The study highly recommends that doctors beware of DVT in diabetics because if missed the morbidity and mortality is very high.

For diabetics who want to prevent DVT, the simple answer is to remain mobile. If the blood circulation in the leg is not compromised, one may wear compression stockings. The use of aspirin like drugs should first be discussed with the doctor to ensure safety.


Contributed by Dr. Steven Bhimji, M.D.
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Can Bariatric Surgery Work for Obese Diabetics Patients?

Posted by on Jun 12, 2012 in News | 0 comments

In the last few years, there are some surgeons who have been advocating bariatric surgery for obese diabetics. The premise behind this idea is that obese diabetics who lose weight may be better able to control their diabetes and also avoid the long term complications of obesity.

There are many anecdotal reports about the effectiveness of bariatric surgery for obese diabetics. Unfortunately many of these reports are published by individual surgeons or manufacturers of equipment needed for the surgery.

As far as clinical trials regarding bariatric surgery in diabetics is concerned, there are not many randomized clinical trials. However, one recent study of note looked at 150 obese diabetic patients who underwent surgery and followed them for 12 months. Several types of surgical procedures were performed and compared to medical therapy.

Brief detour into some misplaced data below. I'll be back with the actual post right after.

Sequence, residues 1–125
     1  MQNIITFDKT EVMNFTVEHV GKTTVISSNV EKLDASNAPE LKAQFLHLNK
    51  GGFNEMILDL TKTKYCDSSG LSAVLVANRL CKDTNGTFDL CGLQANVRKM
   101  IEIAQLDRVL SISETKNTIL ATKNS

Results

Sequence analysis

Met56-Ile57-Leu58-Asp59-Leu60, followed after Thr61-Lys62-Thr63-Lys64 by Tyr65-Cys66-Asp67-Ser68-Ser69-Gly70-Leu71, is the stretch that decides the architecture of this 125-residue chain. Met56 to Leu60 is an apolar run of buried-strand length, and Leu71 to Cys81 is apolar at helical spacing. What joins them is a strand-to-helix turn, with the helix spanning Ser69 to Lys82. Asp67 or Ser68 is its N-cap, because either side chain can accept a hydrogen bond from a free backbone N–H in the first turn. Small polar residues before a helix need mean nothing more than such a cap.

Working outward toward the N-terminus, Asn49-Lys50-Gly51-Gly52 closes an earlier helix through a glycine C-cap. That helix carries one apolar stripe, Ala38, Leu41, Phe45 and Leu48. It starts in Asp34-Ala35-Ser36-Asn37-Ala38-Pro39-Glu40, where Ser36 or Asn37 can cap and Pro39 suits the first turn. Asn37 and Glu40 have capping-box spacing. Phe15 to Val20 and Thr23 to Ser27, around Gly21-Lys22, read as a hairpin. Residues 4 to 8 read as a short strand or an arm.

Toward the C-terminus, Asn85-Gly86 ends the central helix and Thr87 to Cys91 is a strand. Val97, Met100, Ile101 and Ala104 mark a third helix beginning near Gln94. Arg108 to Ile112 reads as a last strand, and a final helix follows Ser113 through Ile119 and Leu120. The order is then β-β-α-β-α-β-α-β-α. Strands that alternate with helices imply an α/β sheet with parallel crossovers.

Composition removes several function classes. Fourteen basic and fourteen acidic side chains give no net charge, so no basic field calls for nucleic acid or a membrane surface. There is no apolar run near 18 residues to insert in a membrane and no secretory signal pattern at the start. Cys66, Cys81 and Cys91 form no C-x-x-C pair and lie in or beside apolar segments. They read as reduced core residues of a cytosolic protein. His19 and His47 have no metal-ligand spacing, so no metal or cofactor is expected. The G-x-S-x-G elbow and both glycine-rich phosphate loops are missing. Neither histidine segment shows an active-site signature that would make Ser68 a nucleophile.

The surgery resulted in no deaths. The most significant observations were that obese diabetic patients who underwent surgery had a drastic decrease in their diabetic medications; better control of blood glucose and the weight loss was significant. Serious complications were more common in obese diabetics who underwent gastric bypass.

This is the first study, which reveals gratifying results in obese diabetics. Because the researchers only followed patients for 1 year, it is not known if the weight loss and other benefits are sustained.

So, should all obese diabetics undergo bariatric surgery?

No. On the negative side, bariatric surgery is not a cheap undertaking and is fraught with serious complications. For patients who are seriously thinking about bariatric surgery, the foremost thing is to find a decent surgeon. If for any reason, the surgeon does not explain the potential complications of the surgery, it is important to seek a second opinion. Some of the complications that occur after bariatric surgery are worse than diabetes itself.


Contributed by Dr. Steven Bhimji, M.D.
Source: Bariatric surgery versus intensive medical therapy in obese patients with diabetes.
N Engl J Med.  2012; 366(17):1567-76